Abdurrahman Mahmud (who also goes by Abdu Rahman) B’19 doesn’t often talk about his young life as a refugee in Dadaab, Kenya. He’s worked hard to build a life beyond the trauma and feels it doesn’t do any good to look back. Yet, in many ways, hidden in this past, is the reason Mahmud has dedicated his life to helping others.
Born right before Somalia’s civil war, Mahmud was only 1 year old when the country collapsed. In need of help, his mother carried him 700 kilometers before arriving at a refugee camp where he spent the next six years of his life. He remembers being ill as a child, suffering from asthma, malnutrition, and other chronic illnesses.
Perhaps this is why he first sought a career in clinical nursing. During his final year of college, Mahmud worked for the Ethiopian government and was sent to clinic outposts in rural areas. “I realized the problem deep down in my life — the trauma — wasn’t an issue that a doctor deals with,” he said. “It involved things you can work on at a community level. Public health was a new trend at that time. I realized I can do more in the public health world than in the clinical world.”
For the next few years in Africa, he worked in the public health sector for INGOs (international non-governmental organizations) funded by the UN — including training TBA (traditional birth attendants) with Bemoc (basic emergency obstetric care), educating populations about preventing AIDS, HIV, and female genetal mutilation. He immigrated to the U.S. when he was 25.
In Minnesota, he struggled for nearly two years to find comparable work.
“Before I came here, I had been a field manager. But here, I didn’t know how the system worked, and employers didn’t know how to understand my background,” he said. “They didn’t know my educational background and were unfamiliar with the names of my previous employers, and I couldn’t get a job. I had managed grants, funds, teams. I just wanted to do the work.”
After 18 months of working various labor positions, he was hired for a part-time position educating the African community in Minnesota about HIV, largely because the man who hired him was himself African. “He knew the names and knew they were big employers,” Mahmud said.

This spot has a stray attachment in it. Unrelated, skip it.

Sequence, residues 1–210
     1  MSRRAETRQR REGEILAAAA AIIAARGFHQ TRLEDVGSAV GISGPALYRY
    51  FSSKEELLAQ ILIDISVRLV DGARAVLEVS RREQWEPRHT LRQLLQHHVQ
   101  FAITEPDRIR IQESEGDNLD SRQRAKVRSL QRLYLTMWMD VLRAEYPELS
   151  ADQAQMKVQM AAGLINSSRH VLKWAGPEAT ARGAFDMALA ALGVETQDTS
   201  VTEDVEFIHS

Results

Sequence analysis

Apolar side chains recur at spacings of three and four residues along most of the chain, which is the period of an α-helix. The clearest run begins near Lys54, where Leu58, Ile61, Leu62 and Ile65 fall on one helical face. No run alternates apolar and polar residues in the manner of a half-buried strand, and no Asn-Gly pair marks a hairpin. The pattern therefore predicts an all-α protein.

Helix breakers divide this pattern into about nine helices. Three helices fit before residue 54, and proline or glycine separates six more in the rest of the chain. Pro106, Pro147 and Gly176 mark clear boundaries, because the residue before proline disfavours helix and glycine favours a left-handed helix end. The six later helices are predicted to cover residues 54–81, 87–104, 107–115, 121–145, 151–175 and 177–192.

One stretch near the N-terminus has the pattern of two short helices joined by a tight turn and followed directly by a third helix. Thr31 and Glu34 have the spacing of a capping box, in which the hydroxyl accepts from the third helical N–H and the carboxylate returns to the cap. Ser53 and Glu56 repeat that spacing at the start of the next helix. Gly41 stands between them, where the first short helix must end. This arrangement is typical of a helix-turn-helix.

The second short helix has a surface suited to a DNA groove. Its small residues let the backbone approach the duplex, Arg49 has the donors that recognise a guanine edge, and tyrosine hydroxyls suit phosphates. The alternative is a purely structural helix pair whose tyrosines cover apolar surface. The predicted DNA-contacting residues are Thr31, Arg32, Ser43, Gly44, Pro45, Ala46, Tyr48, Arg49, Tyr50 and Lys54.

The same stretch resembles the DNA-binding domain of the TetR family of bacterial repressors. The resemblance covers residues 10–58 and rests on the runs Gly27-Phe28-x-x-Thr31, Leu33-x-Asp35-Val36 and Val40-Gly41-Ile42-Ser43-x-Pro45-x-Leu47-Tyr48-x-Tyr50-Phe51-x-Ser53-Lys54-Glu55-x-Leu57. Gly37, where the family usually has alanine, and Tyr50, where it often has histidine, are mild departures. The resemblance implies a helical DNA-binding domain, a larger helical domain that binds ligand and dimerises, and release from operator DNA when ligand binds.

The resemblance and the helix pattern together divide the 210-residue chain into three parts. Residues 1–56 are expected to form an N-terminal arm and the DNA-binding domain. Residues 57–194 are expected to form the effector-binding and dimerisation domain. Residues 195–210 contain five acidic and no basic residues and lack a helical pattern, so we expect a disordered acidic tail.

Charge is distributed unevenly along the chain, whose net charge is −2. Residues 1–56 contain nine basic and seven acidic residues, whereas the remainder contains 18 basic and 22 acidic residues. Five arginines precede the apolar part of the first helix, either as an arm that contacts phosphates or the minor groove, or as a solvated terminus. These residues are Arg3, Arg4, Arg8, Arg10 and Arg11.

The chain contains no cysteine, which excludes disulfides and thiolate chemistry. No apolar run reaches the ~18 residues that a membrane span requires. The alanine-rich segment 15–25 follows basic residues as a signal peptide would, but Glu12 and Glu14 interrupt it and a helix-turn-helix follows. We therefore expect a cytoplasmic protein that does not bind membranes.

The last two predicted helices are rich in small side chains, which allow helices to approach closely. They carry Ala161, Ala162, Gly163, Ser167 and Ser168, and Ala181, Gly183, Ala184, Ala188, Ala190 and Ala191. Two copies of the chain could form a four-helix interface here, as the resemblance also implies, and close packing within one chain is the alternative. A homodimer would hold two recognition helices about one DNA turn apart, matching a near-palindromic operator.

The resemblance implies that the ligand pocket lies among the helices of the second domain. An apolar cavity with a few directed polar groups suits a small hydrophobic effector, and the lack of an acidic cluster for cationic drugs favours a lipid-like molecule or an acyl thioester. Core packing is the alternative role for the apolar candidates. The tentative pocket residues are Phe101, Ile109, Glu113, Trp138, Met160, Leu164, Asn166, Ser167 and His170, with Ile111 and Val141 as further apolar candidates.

From that connection, came more connections and more jobs. Mahmud realized the key was both networking and having employers see the results of his work.
And he realized he could help the larger Minneapolis metro immigrant population also struggling to find employment comparable to their skill levels. “They feel such despair and end up in labor jobs,” he said. “They’re accountants and lawyers. They needed a place that puts people together.”
In 2018, he started Twinist (twinist.com), an online resource to connect immigrant citizens with professional jobs and employers who want to diversify their teams. Although it was designed as a resource for immigrants, Mahmud stresses the site is free and available to everyone.
Users can create profiles, upload résumés, and apply to positions. [Twinist also publishes a bilingual magazine that educates African-born Minnesotans about the services and products of Minnesota-based employers, organizations, and companies.]
Currently, several job seekers have profiles on the site, and an average of 70 jobs are posted monthly. The site receives 10,000 visitors each month.
Mahmud further became an immigrant advocate in Minneapolis. He founded the City of Nations Storytelling Studio, sponsored by Mixed Blood Theatre in Minneapolis, to empower local residents to be advocates for their own health care and to create a dialogue about important timely issues.
His studio produces films and healing circles, and he focuses on taboo topics, specifically mental health, substance abuse, and reproductive education especially sex education, which are often interconnected, in order to address persistent health disparities. His work also expanded to a focus on Lake Street after the murder of George Floyd spurred rioting and mass destruction in that area.
“I’m creating a documentary film about the stories of Black immigrants who lost businesses because of the riots,” he said. “Ninety percent of businesses that were destroyed were immigrant- owned businesses. That’s a narrative that is not public.”
Several individuals chose not to be filmed or photographed, fearing retribution. “There’s a lot of mistrust in the community,” he said. “The purpose was to tell us what happened. Tell it to the world.”
The film, which will be shown at Mixed Blood Theatre this spring, will also travel as needed. Mahmud said if individuals have the space and the audience, he will bring the film to them in order to share these important stories.
“My studio focuses on these taboos and current issues in this community,” he said. “People need to feel seen and heard and feel cared for. I want to show the world stories that are not seen, heard, or cared enough about.”
Mahmud believes Saint Mary’s does a good job in assisting diverse and immigrant populations.
When he found his previous bachelor’s degree fell just short of what he needed to continue his graduate studies, he found Saint Mary’s Healthcare and Human Services Management bachelor’s completion program and graduated in 2019. “Saint Mary’s was convenient, and people I knew had recommended it,” he said. “I had a good experience and learned things that were helpful to my career, particularly in working with communities.”